STATE CAPITOL BRIEFS

STATE HOUSE NEWS SERVICE

HEAD OF RETAILERS GROUP SEES NO SAVINGS IN SENATE UI BILL

While the state top labor group urged senators to leave an unemployment insurance system reform bill unchanged, the head of the state's largest retailers group said Thursday he was disappointed in the bill and that it would not lead to net savings for businesses. "It's a redistribution of taxes. It's not a reform," said Jon Hurst, head of the Retailers Association of Massachusetts. Hurst said his disappointment was enhanced because the bill had been promoted as a way to deliver savings to businesses and address cost competitiveness concerns as lawmakers proceed with plans to raise the state's $8 an hour minimum wage. Hurst said an increase in the wage base subject to unemployment insurance taxes would hurt small businesses in particular. The Massachusetts AFL-CIO headed into Thursday afternoon's Senate debate urging members not to make any changes to the bill "that would hurt current or future unemployed workers." The bill (S 2001) would freeze rates this year for the taxes businesses pay to compensate unemployed workers, and create a new grading system where the businesses that lay off the most workers pay more than they currently do, while the more stable employers pay less than they currently do. Some have called for limiting the duration of benefits as a means of lowering the costs to employers. "The Massachusetts AFL-CIO believes that this legislation represents a balanced approach to ensuring a stable UI financing system," Massachusetts AFL-CIO President Steven Tolman wrote to his former colleagues in the Senate on Thursday. "The reforms included in this bill prove that we can structure our complex UI system in a way that saves businesses money, establishes a consistency and predictability that better allows businesses to plan over multiple years, and proves that it is not necessary to cut benefits or change eligibility in order to make the system more affordable and more accommodating to employers." Tolman noted votes on the bill "may be considered Labor Votes." The Senate previously passed a bill that would increase the minimum wage to $11 per hour over three years. During debate, Republicans, who argued the bill did not make substantial reforms, were unable to advance their amendments, with proposals falling on party line votes. The bill's supporters said the state needs to stand firm on benefits given the uncertainty over support for the unemployed in Washington. - A. Metzger, M. Norton/SHNS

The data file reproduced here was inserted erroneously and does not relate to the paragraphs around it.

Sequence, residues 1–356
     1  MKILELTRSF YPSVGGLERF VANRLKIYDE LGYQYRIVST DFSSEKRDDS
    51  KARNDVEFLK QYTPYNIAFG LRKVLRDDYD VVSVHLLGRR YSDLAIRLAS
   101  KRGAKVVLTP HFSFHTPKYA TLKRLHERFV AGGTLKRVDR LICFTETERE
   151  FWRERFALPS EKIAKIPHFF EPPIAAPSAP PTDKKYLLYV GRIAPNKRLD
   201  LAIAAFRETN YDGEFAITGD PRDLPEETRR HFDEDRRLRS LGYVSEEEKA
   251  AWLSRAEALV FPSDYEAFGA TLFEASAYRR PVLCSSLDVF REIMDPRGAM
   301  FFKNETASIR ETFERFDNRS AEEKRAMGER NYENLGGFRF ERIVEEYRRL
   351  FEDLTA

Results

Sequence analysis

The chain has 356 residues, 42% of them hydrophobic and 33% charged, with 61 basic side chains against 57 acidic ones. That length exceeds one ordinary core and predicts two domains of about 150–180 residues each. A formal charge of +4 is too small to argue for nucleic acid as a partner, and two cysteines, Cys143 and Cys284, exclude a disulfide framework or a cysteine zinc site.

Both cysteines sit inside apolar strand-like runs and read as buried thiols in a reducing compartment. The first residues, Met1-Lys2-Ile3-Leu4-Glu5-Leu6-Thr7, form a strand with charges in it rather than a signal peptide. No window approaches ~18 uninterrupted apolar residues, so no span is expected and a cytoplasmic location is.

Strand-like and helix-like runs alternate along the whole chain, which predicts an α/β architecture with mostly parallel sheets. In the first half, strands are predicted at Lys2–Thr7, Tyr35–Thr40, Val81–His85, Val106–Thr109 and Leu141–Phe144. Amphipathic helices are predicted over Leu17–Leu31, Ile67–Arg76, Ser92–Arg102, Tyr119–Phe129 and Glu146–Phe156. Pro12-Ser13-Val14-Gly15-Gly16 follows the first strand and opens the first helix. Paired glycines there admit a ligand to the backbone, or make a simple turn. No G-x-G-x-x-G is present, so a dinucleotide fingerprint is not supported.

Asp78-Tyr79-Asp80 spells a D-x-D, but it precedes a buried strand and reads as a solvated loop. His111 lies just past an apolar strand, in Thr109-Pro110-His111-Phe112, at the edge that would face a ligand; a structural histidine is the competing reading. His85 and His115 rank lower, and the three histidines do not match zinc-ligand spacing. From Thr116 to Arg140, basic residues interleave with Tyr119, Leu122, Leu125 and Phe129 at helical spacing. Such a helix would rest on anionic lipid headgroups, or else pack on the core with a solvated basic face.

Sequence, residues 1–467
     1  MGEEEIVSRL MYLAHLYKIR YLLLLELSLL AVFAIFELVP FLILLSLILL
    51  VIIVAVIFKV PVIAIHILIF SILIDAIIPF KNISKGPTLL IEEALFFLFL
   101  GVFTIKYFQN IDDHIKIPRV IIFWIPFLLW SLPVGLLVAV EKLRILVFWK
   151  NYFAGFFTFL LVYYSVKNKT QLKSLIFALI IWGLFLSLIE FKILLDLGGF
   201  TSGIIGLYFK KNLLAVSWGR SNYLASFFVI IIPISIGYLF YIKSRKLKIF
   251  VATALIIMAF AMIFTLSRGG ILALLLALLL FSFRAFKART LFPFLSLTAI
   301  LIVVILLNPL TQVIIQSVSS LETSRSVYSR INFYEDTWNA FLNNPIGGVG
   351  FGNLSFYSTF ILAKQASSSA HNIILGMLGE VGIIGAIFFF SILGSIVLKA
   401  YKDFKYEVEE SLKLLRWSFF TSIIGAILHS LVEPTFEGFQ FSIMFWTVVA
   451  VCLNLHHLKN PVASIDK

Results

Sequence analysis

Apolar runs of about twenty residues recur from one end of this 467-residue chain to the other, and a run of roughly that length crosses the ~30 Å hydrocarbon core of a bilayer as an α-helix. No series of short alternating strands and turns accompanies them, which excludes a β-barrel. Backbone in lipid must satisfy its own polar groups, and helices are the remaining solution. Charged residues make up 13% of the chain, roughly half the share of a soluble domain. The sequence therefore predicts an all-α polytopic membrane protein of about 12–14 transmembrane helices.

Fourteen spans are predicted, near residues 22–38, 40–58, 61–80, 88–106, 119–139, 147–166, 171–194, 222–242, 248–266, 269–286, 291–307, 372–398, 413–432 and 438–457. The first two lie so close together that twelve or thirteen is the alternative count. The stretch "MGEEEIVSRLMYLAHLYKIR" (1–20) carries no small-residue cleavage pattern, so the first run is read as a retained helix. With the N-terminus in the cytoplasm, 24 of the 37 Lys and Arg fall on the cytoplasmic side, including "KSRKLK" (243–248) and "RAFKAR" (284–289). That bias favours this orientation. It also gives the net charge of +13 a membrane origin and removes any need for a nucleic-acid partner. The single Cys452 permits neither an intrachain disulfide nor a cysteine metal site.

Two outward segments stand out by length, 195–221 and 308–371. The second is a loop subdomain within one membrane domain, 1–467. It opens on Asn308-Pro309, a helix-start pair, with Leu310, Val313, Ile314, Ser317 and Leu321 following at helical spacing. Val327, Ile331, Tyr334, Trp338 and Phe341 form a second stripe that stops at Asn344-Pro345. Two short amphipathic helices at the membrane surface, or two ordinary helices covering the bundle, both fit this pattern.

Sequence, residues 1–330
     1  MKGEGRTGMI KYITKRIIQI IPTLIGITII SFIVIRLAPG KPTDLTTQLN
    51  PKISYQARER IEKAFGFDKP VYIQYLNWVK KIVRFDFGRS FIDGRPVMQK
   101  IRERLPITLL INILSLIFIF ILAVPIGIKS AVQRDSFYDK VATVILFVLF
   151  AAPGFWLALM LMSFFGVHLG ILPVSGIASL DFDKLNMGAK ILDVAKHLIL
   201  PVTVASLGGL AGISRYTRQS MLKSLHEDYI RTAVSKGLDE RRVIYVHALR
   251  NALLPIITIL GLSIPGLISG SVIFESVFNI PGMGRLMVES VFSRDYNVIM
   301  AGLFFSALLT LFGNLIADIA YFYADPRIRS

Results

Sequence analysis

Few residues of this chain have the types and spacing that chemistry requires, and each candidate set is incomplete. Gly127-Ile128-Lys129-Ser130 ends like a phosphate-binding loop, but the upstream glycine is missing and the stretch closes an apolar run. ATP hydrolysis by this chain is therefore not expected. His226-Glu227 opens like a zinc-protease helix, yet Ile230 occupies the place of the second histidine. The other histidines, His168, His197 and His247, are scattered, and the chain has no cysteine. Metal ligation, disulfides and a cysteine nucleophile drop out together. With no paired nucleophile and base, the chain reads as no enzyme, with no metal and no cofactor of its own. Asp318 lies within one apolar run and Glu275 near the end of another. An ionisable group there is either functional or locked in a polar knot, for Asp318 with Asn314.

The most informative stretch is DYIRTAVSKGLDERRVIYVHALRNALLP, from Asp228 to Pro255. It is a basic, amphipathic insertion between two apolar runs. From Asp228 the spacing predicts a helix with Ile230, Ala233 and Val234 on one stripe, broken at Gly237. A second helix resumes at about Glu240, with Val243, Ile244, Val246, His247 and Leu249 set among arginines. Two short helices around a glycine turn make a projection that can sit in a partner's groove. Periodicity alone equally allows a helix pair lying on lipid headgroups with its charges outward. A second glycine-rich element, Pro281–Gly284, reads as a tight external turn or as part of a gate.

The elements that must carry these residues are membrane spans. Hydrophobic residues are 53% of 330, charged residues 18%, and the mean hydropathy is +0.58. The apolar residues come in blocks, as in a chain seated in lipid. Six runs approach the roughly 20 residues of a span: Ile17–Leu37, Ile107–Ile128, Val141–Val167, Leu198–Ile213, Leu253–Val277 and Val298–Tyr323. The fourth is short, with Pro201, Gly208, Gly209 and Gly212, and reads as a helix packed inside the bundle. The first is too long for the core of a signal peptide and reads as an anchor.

AFTER HOUSE EXPELS HENRIQUEZ, DeLEO PLANS TO ORDER SPECIAL ELECTION

After the House voted Thursday to expel Rep. Carlos Henriquez in connection with his assault and battery conviction, an aide to Speaker Robert DeLeo confirmed to the News Service that DeLeo does plan to order a special election to fill the Fifth Suffolk House seat. In arguing for expulsion, several lawmakers said Henriquez, because he is serving a six-month jail term that began in January, is not able to represent his district or cast votes, a handicap especially given upcoming state budget deliberations. A DeLeo aide said a special election date will be selected after consulting with Secretary of State William Galvin, the state's chief elections overseer. Rep. Russell Holmes (D-Mattapan) told the News Service Wednesday that he believed Henriquez would run if his seat were put up for election this year. Before the expulsion vote, Rep. Angelo Scaccia asked whether the House would seat Henriquez, after expelling him, should he win a future election. After Speaker DeLeo declined to answer that question, Rep. Garrett Bradley (D-Hingham) said the decision on seating Henriquez would be up to the House. - M. Norton/SHNS

HILL RETURNS TO HILL FOR HOUSE SESSION

Rep. Bradford Hill, a Republican from Ipswich, returned to the House chamber for the first time Thursday since undergoing a bone marrow transplant to treat cancer in November. Hill, a bit thinner, said he feels good. First diagnosed with multiple myeloma in 2008, he was extremely private about his cancer, with only a handful of his colleagues and constituents aware. He made his battle with the disease public when he needed to recover at home for almost two months. He has to limit his exposure to the public. In January, he began voting on roll calls from his office. Hill, 46, is serving his eighth term in the House. - C. Quinn/SHNS